Killeen, Texas (CNN) -- It was an autumn afternoon in Killeen, Texas, when a lone gunman wielding two handguns methodically shot victim after victim. By the time the rampage was over, a terrified community was left looking for answers.
But this wasn't last week at Fort Hood; this was 1991, when a man named George Hennard crashed his pickup truck into a Luby's Cafeteria and went on a shooting spree that left 23 dead and another 20 wounded before Hennard shot himself.
One of those wounded was Kirby Lack, minister of a small local church. Thursday's shooting at nearby Fort Hood brought back memories of that day more than 18 years ago.
"He started shooting people, and I dove under a table and that's where we stayed," Lack recalled in an interview with CNN. "The biggest feeling was just helplessness."
Lack's lunch partner, veterinarian Michael Griffith, was the first to die. Lack, after being shot once in the back, played dead, lying face down on the floor and trying not to move. But the killer approached him again.
"He literally pushed the barrel of the gun to the back of my head and applied pressure. I said my last prayer. I thought my life was over and I was going to die and go home and be with God," Lack said.
Hennard pulled the trigger.
"There's the explosion and I'm thinking, 'Where's the tunnel? Where's the light? Where's Jesus?' And no one was there. I opened my eyes and looked around and realized the jerk missed me. There was a tear in the carpet a half-inch from my head."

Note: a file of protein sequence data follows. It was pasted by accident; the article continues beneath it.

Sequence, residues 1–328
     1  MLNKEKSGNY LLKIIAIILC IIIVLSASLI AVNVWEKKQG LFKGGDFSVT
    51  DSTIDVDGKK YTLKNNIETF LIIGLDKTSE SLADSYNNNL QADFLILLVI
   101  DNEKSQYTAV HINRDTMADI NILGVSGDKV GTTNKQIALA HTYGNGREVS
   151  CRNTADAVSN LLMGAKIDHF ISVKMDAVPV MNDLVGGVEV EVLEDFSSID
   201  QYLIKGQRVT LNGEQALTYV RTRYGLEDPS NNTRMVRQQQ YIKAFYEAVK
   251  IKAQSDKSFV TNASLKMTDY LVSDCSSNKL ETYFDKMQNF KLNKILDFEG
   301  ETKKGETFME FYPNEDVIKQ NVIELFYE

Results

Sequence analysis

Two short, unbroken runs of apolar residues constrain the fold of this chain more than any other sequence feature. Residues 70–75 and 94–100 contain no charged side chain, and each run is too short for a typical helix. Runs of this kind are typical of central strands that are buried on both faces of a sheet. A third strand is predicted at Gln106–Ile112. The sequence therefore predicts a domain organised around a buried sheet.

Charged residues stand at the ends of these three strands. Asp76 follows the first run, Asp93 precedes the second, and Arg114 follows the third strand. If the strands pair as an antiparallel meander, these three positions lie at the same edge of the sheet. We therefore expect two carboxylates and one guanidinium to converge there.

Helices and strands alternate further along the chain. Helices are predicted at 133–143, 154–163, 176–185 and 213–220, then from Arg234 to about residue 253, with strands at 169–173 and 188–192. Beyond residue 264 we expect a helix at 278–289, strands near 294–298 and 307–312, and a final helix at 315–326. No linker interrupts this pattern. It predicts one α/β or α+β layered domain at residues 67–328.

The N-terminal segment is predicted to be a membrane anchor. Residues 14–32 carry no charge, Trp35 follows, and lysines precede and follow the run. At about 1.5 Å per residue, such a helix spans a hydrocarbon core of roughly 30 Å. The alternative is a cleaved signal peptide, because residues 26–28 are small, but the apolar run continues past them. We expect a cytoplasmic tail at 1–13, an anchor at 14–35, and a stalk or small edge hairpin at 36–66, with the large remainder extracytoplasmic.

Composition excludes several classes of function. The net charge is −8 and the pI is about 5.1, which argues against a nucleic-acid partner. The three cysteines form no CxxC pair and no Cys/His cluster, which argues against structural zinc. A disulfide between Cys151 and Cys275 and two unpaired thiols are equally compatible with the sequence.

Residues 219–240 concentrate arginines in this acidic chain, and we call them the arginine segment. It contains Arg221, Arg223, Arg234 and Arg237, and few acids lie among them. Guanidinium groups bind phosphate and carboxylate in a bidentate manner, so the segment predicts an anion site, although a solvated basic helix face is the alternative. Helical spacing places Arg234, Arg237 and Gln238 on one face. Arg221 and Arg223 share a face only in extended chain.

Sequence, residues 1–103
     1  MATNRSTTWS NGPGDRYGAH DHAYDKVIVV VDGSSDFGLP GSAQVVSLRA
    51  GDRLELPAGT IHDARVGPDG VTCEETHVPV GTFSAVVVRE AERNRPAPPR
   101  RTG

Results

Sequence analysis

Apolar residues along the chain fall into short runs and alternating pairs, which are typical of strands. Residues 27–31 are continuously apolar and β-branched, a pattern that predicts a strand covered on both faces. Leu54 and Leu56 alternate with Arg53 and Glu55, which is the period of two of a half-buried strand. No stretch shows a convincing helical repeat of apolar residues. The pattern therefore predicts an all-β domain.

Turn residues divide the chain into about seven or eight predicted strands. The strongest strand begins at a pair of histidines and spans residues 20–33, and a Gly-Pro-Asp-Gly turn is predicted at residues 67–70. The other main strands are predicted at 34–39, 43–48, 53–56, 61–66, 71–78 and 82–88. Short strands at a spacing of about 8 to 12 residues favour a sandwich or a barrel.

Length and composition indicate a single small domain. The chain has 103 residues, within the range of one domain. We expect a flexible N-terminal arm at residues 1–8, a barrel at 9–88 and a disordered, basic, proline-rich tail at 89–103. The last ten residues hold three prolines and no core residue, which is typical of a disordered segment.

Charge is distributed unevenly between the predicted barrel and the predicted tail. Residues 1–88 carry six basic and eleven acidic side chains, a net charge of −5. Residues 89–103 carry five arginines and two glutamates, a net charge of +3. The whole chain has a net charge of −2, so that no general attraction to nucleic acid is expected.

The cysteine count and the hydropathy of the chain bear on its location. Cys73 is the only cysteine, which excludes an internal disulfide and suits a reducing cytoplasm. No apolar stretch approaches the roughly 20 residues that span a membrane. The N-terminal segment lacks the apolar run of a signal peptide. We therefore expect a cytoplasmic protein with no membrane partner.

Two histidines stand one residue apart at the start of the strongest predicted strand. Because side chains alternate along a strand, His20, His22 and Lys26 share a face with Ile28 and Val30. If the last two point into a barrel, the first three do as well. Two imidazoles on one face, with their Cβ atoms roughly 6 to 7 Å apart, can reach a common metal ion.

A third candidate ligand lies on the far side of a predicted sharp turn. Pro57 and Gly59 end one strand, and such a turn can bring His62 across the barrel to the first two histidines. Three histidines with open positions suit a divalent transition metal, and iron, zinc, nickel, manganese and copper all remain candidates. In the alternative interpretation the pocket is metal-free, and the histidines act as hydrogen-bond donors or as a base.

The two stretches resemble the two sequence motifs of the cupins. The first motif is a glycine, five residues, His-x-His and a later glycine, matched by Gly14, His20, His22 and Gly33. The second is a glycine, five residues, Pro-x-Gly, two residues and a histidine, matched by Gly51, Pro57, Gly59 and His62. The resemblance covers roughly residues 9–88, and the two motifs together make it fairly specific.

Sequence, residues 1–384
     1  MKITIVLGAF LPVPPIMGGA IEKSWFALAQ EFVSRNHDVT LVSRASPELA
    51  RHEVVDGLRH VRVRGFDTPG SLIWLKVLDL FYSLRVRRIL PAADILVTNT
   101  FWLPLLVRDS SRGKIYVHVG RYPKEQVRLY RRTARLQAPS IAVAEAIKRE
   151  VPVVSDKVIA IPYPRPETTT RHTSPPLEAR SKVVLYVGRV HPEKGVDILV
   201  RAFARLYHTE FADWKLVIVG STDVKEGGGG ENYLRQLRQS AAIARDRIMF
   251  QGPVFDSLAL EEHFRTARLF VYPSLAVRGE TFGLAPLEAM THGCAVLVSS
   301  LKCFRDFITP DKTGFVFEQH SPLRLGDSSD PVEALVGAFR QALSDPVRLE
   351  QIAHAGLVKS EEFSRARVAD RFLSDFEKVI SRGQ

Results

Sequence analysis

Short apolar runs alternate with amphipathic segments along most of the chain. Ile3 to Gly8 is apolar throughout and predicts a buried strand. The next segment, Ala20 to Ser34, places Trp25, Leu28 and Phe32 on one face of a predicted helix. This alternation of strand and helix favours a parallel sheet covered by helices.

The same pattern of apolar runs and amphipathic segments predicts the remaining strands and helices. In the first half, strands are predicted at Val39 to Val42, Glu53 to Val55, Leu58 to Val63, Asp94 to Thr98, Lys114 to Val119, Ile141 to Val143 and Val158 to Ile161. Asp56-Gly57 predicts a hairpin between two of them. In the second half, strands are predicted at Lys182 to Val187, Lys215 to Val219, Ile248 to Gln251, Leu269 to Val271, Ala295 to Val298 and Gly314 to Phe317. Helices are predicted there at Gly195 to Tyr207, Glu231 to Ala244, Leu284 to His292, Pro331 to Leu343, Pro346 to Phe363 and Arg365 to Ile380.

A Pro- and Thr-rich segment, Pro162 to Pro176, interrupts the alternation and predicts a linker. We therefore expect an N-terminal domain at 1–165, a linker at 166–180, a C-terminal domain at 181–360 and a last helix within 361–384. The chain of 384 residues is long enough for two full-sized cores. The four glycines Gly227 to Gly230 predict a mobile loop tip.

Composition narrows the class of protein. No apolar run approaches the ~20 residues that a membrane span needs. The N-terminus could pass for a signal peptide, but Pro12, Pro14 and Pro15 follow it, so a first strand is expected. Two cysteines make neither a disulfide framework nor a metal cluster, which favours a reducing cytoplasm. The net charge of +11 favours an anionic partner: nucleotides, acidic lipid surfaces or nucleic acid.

Lack leads the same small non-denominational church -- Trinity Worship Center -- outside Killeen that he did on that day in 1991. As news of the shooting at Fort Hood spread, Lack had trouble believing another mass shooting could rock his community.
"As I was standing there watching this, it was just unreal that this was happening again. ... For the first three or four minutes it was like this flash feeling of heat that came over me," he said, "I'm flashing back to Luby's and I'm thinking of these poor people. They've got no place to hide."
Lack said he has moved on and refuses to let himself be defined as a victim.
"I believe very strongly that it's not what happens to you in life, it's how you respond to an incident like that," he said. "It's an incident in your life -- don't let it define the rest of your life. It happened to you. Let's find a way to get past it."
Luby's Cafeteria closed, and the building now houses a Chinese food restaurant. Lack says he eats there once a month -- most recently Friday night, the day after the Fort Hood shootings.
"I will not be conquered by the fear or by the building," Lack said.
So how has Lack managed to move on?
"You rely on your friends, your loved ones. You have to. You have to rely on the goodness of people. This one guy will taint a lot of other people. One bad guy doesn't make America," he said.
As a spiritual leader in the community, he suggests that victims of the Fort Hood shootings and their families look to their faith to get them through this difficult time.
"A lot of prayer, a lot of scripture and a lot of love. That's what going to help us get through this thing," Lack said.
He says he has been praying often since the shootings.
"I'm praying for peace. Praying for answers. Most of these people are never going to get the answers that are really going to give them the peace they need," he said. "They just need love, they need comfort, they need peace, they need some understanding."
But he has yet to pray for the alleged Fort Hood shooter.
"He's already prayed to Allah. I'll let Allah take care of him. I'm praying for my people, the good people here," Lack said.